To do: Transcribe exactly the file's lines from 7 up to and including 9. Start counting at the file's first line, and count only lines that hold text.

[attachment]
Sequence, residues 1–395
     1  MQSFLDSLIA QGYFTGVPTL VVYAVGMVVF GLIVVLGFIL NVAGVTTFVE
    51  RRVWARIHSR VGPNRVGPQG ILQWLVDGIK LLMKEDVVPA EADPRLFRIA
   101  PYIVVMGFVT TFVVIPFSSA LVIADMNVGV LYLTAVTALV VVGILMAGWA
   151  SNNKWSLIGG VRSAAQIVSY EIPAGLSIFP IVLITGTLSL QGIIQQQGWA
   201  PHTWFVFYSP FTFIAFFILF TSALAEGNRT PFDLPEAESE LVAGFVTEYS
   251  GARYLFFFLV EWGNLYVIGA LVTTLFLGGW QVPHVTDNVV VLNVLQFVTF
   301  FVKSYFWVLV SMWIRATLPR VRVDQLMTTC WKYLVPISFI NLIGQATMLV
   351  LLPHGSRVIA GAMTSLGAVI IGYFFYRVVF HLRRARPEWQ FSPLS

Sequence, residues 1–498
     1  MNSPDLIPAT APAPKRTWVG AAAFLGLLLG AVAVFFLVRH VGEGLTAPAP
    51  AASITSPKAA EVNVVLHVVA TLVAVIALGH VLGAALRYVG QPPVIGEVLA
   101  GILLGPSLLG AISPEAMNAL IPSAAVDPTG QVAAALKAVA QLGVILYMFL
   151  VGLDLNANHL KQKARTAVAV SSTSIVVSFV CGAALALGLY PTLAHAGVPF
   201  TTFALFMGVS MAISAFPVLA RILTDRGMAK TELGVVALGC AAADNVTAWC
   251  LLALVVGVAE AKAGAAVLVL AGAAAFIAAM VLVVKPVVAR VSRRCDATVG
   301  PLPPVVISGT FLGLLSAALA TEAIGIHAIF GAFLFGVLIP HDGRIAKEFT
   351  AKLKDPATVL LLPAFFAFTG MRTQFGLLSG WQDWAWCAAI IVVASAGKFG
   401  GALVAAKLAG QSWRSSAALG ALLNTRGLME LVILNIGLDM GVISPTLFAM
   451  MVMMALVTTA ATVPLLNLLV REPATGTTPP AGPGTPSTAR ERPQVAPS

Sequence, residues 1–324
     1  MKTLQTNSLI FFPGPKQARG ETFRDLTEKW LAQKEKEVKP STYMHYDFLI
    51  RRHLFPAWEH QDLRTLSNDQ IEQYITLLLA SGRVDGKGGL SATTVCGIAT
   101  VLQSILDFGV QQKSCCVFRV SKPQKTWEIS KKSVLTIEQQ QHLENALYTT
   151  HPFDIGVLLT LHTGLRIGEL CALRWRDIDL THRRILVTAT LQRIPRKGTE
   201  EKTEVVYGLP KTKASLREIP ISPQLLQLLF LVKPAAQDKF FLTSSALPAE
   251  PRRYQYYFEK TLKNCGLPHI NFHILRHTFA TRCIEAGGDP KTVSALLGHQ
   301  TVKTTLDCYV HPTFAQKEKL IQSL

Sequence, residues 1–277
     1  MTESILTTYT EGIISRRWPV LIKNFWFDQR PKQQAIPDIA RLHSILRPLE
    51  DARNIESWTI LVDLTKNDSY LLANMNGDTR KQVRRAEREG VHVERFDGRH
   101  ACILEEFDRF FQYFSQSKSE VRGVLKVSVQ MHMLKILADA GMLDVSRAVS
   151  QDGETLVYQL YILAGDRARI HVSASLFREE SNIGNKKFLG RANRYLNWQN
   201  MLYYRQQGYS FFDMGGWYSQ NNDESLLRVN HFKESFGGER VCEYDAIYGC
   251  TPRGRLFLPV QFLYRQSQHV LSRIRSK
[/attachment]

   251  GARYLFFFLV EWGNLYVIGA LVTTLFLGGW QVPHVTDNVV VLNVLQFVTF
   301  FVKSYFWVLV SMWIRATLPR VRVDQLMTTC WKYLVPISFI NLIGQATMLV
   351  LLPHGSRVIA GAMTSLGAVI IGYFFYRVVF HLRRARPEWQ FSPLS